Agricultural soil spectral response and properties assessment: Effects of measurement protocol and data mining technique

Asa Gholizadeh, Nimrod Carmon, Aleš Klement, Eyal Ben-Dor, Luboš Borůvka

Research output: Contribution to journalArticlepeer-review


Soil spectroscopy has shown to be a fast, cost-effective, environmentally friendly, non-destructive, reproducible and repeatable analytical technique. Soil components, as well as types of instruments, protocols, sampling methods, sample preparation, spectral acquisition techniques and analytical algorithms have a combined influence on the final performance. Therefore, it is important to characterize these differences and to introduce an effective approach in order to minimize the technical factors that alter reflectance spectra and consequent prediction. To quantify this alteration, a joint project between Czech University of Life Sciences Prague (CULS) and Tel-Aviv University (TAU) was conducted to estimate Cox, pH-H2O, pH-KCl and selected forms of Fe and Mn. Two different soil spectral measurement protocols and two data mining techniques were used to examine seventy-eight soil samples from five agricultural areas in different parts of the Czech Republic. Spectral measurements at both laboratories were made using different ASD spectroradiometers. The CULS protocol was based on employing a contact probe (CP) spectral measurement scheme, while the TAU protocol was carried out using a CP measurement method, accompanied with the internal soil standard (ISS) procedure. Two spectral datasets, acquired from different protocols, were both analyzed using partial least square regression (PLSR) technique as well as the PARACUDA II®, a new data mining engine for optimizing PLSR models. The results showed that spectra based on the CULS setup (non-ISS) demonstrated significantly higher albedo intensity and reflectance values relative to the TAU setup with ISS. However, the majority of statistics using the TAU protocol was not noticeably better than the CULS spectra. The paper also highlighted that under both measurement protocols, the PARACUDA II® engine proved to be a powerful tool for providing better results than PLSR. Such initiative is not only a way to unlock current limitations of soil spectroscopy, but also offers considerable efficiency and cost- and time-saving possibilities, which lead to further improvements in prediction performance of spectral models.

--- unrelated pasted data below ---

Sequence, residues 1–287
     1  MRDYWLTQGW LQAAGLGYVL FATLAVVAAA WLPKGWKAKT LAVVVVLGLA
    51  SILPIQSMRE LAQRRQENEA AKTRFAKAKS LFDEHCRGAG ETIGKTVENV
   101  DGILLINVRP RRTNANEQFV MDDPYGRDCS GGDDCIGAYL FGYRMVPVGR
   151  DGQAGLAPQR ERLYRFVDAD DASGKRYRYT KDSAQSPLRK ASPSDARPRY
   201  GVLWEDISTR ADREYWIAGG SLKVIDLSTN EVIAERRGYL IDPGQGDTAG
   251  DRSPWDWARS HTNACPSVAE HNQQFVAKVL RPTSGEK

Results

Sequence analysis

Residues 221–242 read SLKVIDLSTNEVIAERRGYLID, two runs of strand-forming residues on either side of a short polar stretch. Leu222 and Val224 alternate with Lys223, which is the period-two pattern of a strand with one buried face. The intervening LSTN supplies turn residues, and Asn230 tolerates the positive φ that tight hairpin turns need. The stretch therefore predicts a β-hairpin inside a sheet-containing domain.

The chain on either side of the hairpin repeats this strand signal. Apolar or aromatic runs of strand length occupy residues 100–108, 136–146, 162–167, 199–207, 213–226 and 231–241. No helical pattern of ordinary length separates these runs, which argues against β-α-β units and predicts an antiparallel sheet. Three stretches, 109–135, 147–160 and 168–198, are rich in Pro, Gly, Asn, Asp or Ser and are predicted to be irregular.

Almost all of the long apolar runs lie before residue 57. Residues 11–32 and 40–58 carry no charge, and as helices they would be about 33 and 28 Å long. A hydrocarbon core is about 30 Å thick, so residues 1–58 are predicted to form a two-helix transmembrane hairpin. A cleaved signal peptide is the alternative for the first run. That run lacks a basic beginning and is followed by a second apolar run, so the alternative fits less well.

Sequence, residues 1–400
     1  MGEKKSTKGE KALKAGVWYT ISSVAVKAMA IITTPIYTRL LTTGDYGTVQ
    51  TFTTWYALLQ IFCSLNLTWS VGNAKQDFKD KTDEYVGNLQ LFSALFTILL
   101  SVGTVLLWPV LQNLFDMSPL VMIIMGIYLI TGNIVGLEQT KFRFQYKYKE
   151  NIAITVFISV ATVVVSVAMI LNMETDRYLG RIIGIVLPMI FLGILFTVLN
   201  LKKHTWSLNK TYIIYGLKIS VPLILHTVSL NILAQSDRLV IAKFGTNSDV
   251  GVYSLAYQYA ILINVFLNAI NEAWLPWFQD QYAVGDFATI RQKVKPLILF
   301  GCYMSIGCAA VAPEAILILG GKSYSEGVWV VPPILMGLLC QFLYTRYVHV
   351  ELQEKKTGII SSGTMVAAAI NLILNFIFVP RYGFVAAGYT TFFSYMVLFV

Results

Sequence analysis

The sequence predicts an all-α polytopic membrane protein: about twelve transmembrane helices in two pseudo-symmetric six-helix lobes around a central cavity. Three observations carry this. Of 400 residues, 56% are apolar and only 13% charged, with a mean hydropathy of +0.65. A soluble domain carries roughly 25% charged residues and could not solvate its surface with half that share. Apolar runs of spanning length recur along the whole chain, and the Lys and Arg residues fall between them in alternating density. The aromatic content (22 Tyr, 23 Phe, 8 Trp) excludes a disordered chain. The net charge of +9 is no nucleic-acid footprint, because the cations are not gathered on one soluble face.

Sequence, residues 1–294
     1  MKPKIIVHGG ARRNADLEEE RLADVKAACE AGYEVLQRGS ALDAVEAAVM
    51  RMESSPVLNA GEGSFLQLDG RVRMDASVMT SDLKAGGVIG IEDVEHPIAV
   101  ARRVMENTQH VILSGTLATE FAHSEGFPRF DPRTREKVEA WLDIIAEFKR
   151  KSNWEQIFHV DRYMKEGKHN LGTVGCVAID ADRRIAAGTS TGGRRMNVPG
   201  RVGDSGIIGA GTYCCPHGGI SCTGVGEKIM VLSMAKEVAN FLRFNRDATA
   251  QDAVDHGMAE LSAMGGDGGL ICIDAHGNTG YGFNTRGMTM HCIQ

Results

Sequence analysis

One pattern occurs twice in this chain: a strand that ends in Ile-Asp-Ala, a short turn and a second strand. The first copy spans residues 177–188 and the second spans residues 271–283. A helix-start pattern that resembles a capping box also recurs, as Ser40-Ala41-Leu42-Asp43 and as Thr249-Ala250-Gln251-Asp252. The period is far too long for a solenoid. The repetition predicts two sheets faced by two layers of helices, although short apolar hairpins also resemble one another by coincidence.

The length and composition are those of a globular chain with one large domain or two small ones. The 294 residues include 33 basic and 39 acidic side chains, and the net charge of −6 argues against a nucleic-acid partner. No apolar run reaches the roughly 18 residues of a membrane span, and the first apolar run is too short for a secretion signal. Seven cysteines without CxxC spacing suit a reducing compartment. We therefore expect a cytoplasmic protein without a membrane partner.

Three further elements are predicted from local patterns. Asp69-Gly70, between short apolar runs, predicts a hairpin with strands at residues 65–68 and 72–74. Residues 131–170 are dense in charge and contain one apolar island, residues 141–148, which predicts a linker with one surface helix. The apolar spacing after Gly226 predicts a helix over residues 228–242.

Original languageEnglish
Article number1078
JournalRemote Sensing
Issue number10
StatePublished - 1 Oct 2017


  • Data mining
  • Internal soil standard
  • Protocol and standard
  • Soil spectroscopy


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